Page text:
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Mickey v. Berryhill

United States District Court, W.D. Arkansas, Fort Smith Division

April 25, 2018

NANCY A. BERRYHILL, Commissioner Social Security Administration DEFENDANT



         Plaintiff, Diane A. Mickey, brings this action under 42 U.S.C. § 405(g), seeking judicial review of a decision of the Commissioner of the Social Security Administration (“Commissioner”) denying her claim for a period of disability and disability insurance benefits (“DIB”) under Title II of the Social Security Act (hereinafter “the Act”), 42 U.S.C. § 423(d)(1)(A). In this judicial review, the Court must determine whether there is substantial evidence in the administrative record to support the Commissioner's decision. See 42 U.S.C. § 405(g).

         I. Procedural Background

         Plaintiff filed her application for DIB on July 8, 2014, alleging an onset date of May 30, 2014, due to arthritis in her lower back with bulging disks, radiculopathy, and depression. (ECF No.11, pp. 73, 84, 178-179, 209, 224). On May 13, 2015, the ALJ held an administrative hearing. (ECF No. 11, pp. 33-71). Plaintiff was present and represented by counsel.

         On February 9, 2016, the ALJ concluded that the Plaintiff's lumbar degenerative disk disease (“DDD”) and obesity were severe, but concluded they did not meet or medically equal one of the listed impairments in Appendix 1, Subpart P, Regulation No. 4. (ECF No. 11, pp. 18-20). He then found Plaintiff capable of performing sedentary work requiring only occasional climbing, balancing, crawling, kneeling, stooping, and crouching. (ECF No. 11, pp. 21-26). With the assistance of a vocational expert, the ALJ found the Plaintiff capable of returning to her PRW as a telephone customer service representative. (ECF No. 11, pp. 26-27).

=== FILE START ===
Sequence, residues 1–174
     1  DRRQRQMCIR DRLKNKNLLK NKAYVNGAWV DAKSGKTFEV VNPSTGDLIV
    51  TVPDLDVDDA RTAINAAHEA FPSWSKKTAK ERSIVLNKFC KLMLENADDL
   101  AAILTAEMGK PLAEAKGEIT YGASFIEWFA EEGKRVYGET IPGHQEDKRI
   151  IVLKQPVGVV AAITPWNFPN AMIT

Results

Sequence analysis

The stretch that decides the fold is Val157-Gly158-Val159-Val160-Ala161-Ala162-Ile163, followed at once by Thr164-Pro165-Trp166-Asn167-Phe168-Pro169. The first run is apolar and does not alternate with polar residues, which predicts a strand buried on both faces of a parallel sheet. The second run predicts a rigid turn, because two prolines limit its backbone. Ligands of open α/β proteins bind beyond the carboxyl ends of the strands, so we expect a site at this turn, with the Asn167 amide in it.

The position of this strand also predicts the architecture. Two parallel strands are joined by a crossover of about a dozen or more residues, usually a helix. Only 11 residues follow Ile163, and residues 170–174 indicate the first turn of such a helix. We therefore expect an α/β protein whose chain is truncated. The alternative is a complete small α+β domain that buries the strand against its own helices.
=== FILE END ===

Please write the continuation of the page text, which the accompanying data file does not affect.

The Appeals Council denied the Plaintiff's request for review on April 20, 2017. (ECF No. 11, pp. 5-10). Subsequently, Plaintiff filed this action. (ECF No. 1). This matter is before the undersigned for report and recommendation. Both parties have filed appeal briefs, and the case is now ready for decision. (ECF Nos. 12, 13).

         II. Applicable Law

         This court's role is to determine whether substantial evidence supports the Commissioner's findings. Vossen v. Astrue, 612 F.3d 1011, 1015 (8th Cir. 2010). Substantial evidence is less than a preponderance but it is enough that a reasonable mind would find it adequate to support the Commissioner's decision. Teague v. Astrue, 638 F.3d 611, 614 (8th Cir. 2011). We must affirm the ALJ's decision if the record contains substantial evidence to support it. Blackburn v. Colvin, 761 F.3d 853, 858 (8th Cir. 2014). As long as there is substantial evidence in the record that supports the Commissioner's decision, the Court may not reverse it simply because substantial evidence exists in the record that would have supported a contrary outcome, or because the Court would have decided the case differently. Miller v. Colvin, 784 F.3d 472, 477 (8th Cir. 2015). In other words, if after reviewing the record it is possible to draw two inconsistent positions from the evidence, and one of those positions represents the findings of the ALJ, we must affirm the ALJ's decision. Id.